; ter case, the construction is adopted to furnish premises to a proposed conclusion ; while in the former it gives us a judgment which we have no immediate intention of applying to any

further use. “ The intuition in the case of arithmetic is furnished by the consciousness of successive states of our own minds. Setting aside all other characteristics of those states, save that of their succession in time, we have the immediate consciousness of one, two, three, four, etc. A purely natural arithmetic would consist in carrying on this series, with no other relation between its members but that of succession, until the memory became unable to continue the process. The artificial methods by which calculation is facilitated and extended, such as that of a scale of notation, in which the series recommences after a certain number of members, vastly increase the utility of the calculus, but do not affect its psychological basis. To construct the science of arithmetic in all its essential features, it is only necessary that we should be conscious of a succession in time, and should be able to give names to the several members of the series ; and since in every act of consciousness we are subject to the condition of succession, it is impossible in any form of consciousness to represent to ourselves the facts of arithmetic as other than they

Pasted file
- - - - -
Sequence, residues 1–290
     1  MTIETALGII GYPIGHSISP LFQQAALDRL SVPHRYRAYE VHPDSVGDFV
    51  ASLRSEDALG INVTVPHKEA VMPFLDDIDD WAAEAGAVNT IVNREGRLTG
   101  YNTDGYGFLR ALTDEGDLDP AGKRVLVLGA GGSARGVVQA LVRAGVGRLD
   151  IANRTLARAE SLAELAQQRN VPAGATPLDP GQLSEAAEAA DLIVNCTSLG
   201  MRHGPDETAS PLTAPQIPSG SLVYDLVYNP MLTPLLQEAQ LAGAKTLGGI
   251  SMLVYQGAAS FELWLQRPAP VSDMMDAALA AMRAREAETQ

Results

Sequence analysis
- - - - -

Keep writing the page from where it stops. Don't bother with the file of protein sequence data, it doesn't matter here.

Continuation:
are.

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“The necessity of propositions in geometry and arithmetic is thus derived from their relation to the universal forms of intuition—Space and Time. We can suppose the possibility of beings existing whose consciousness has no relation to space or time at all. This is no more than to admit the possible existence of intelligent beings otherwise constituted than ourselves, and consequently incomprehensible by us. pose the existence of geometrical figures or arithmetical numbers such as those with which we are now acquainted, is to suppose the existence of

space and time as we are now conscious of them, and therefore relatively to beings whose mental constitution is so far similar to our own. Such a supposition necessarily carries with it all the mathematical relations in which space and time, as given to us, are necessarily thought. For mathematical judgments strictly relate only to objects of thought as existing in my mind, not to distinct realities existing in relation to my mind. They therefore imply no other existence than that of a thinking subject, modified in a certain manner. Destroy this subject, or change its modification, and we cannot say, as